“Do not do more today than you can completely recover from by tomorrow.” – Greg McKeown

Do you find it easy to pace yourself while working as a grant professional, nonprofit leader, or fundraiser?

Do you have time to complete all you want to do in any given day while also finding time to relax and enjoy the work?

Or are you overworked one week or month, and then have a lull in your schedule between crushing deadlines?

Lately I’ve been thinking a lot about the importance of pacing ourselves in this profession so that we excel in, and sustain our careers, while also enjoying our days.

And so that we can avoid burnout. In “Can You Identify Burnout?” Trish Bachman, Bethany Planton, and Johna Rodgers shared that “a 2019 survey of grant professionals from across the country indicated that 84% of respondents suffer from the symptoms of burnout, including exhaustion, sleeplessness, fatigue, and poor concentration (GPA News, November 3, 2020).

As nonprofit professionals, we are always juggling multiple projects, grant deadlines, research prospects, reports and more…all of which seem to appear to be the highest priority of the day. So, pacing ourselves becomes increasingly difficult.

Full disclosure: I’m not an expert on pacing (except across the floor!), but I can share three tips that have worked for me, and I encourage you to contribute your ideas too.

  1. Planning. Apart from my monthly workplan, I create a much shorter daily plan using an extremely low-tech solution, sticky notes. I just write a list of 5 things that really need to be done today and circle the three that are most important. Then I allow a set amount of hours per day to work on just those three things. Repeat day after day. Does it always work? No, but it does set the intention and more often than not, I can stick to it (pun intentional).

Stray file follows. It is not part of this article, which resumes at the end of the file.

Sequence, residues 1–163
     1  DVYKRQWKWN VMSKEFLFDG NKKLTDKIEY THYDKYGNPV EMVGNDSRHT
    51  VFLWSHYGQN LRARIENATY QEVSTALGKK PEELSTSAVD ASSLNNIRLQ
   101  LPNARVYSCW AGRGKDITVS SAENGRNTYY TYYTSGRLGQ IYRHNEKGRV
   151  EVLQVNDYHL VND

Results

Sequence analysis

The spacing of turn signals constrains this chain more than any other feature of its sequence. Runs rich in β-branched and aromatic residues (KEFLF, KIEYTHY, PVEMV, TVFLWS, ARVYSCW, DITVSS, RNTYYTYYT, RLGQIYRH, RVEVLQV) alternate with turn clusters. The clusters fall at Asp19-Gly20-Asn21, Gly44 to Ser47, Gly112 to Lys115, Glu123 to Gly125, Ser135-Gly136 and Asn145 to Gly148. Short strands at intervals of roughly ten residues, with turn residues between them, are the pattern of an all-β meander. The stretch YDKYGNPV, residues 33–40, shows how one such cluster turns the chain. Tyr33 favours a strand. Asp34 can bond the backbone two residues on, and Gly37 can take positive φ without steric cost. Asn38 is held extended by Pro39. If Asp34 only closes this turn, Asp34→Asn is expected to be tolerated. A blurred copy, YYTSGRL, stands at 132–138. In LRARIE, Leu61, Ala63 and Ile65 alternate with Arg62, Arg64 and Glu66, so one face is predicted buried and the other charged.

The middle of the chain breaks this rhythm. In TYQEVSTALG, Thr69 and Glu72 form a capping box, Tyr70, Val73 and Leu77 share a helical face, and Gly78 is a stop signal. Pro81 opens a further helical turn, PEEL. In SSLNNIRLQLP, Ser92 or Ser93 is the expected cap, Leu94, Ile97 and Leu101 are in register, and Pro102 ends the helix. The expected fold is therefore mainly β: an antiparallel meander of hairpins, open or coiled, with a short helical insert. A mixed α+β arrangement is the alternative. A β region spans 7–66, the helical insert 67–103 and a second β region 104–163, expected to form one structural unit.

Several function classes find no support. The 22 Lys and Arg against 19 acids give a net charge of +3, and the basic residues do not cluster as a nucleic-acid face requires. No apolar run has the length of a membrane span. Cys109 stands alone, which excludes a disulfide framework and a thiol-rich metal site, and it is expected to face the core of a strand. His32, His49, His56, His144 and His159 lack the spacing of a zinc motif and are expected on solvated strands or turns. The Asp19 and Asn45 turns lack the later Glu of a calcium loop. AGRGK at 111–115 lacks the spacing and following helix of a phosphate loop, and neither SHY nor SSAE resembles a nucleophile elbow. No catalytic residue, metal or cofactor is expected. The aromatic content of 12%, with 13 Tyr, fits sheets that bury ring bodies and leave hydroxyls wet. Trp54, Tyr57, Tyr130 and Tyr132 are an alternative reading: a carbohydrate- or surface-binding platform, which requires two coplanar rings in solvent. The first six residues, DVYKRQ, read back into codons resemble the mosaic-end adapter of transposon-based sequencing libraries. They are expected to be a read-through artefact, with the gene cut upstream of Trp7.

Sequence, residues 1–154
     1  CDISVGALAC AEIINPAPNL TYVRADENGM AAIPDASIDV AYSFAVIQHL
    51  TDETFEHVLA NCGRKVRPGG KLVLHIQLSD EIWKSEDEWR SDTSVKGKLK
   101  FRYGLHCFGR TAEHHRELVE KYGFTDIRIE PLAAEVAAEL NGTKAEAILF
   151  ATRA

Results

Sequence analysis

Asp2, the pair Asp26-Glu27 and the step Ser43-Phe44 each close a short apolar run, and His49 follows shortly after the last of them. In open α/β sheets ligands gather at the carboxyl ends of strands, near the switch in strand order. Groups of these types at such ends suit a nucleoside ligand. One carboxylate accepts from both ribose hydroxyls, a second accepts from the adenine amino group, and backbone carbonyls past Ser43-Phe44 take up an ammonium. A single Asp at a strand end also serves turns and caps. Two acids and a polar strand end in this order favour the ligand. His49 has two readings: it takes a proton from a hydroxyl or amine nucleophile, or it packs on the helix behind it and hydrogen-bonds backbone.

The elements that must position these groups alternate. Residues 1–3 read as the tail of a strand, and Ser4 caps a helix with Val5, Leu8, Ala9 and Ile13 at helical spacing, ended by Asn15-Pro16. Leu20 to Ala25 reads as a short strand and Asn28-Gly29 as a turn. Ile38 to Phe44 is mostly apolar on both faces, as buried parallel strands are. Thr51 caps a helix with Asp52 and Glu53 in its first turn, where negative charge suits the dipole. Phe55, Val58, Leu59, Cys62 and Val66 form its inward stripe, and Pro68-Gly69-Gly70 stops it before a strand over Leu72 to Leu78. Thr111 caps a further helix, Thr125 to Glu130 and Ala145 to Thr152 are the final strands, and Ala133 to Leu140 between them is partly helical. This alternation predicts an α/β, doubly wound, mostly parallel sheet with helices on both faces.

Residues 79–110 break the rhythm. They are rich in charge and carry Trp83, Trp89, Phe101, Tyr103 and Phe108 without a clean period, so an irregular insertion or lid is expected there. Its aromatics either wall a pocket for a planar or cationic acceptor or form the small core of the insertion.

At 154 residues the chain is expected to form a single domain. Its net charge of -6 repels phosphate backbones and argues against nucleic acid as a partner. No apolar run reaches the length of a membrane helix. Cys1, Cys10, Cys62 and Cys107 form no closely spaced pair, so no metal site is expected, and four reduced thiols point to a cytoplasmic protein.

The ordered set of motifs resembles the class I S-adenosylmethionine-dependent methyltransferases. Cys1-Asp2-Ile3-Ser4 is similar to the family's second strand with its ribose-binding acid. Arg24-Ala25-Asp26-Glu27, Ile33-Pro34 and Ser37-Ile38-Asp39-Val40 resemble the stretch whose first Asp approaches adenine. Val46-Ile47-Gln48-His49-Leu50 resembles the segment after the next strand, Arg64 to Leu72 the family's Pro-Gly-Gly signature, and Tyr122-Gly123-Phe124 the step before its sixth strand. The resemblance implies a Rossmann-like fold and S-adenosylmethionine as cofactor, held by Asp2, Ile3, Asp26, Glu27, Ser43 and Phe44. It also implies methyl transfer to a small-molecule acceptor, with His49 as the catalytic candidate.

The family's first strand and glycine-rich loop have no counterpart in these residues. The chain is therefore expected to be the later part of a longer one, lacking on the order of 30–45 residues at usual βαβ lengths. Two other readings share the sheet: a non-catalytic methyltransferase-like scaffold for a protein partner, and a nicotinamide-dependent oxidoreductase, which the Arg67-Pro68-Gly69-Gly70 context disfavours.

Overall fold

2. Pause. Take deliberate breaks. Rather than work past the point of productivity, go for a 30-minute walk instead or run an errand or chat with a friend. Hint: Spending time on social media does not count as a deliberate break – it needs to be time away from the computer.
  3. Power down. We need rest to keep up the with the demands of our profession. Both in the form of enough quality sleep but also daytime rest. For me that is often 10-20 minutes of meditation each day, sometimes first thing in the morning, sometimes in the afternoon when I’ve hit a wall, and sometimes not at all. We don’t need to strive for perfection when it comes to pacing ourselves or it defeats the point.

Keep in mind the words of author and podcaster Greg McKeown, “Do not do more today than you can completely recover from by tomorrow.” Or else you may be one of the 84% of grant pros that experiences the symptoms of burnout. It’s better to practice pacing or consistency in our work, than all-out all the time.

How do you pace yourself as a grant pro? Please share what’s worked for you…

Margit Brazda Poirier, GPC, M.S. is Owner and CEO of Grants4Good LLC®, a grant writing training and consulting company based in Rochester, New York.   www.grants4good.com and www.allaboutgrantwriting.com.

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margit brazada poirier

Hi, I’m Margit Brazda Poirier

I founded Grants4Good in 2009 to help nonprofit organizations and businesses find and get grants. Since then, I’ve helped thousands of people raise millions of dollars for programs via private coaching, customized grant writing training, and my course All About Grant Writing.

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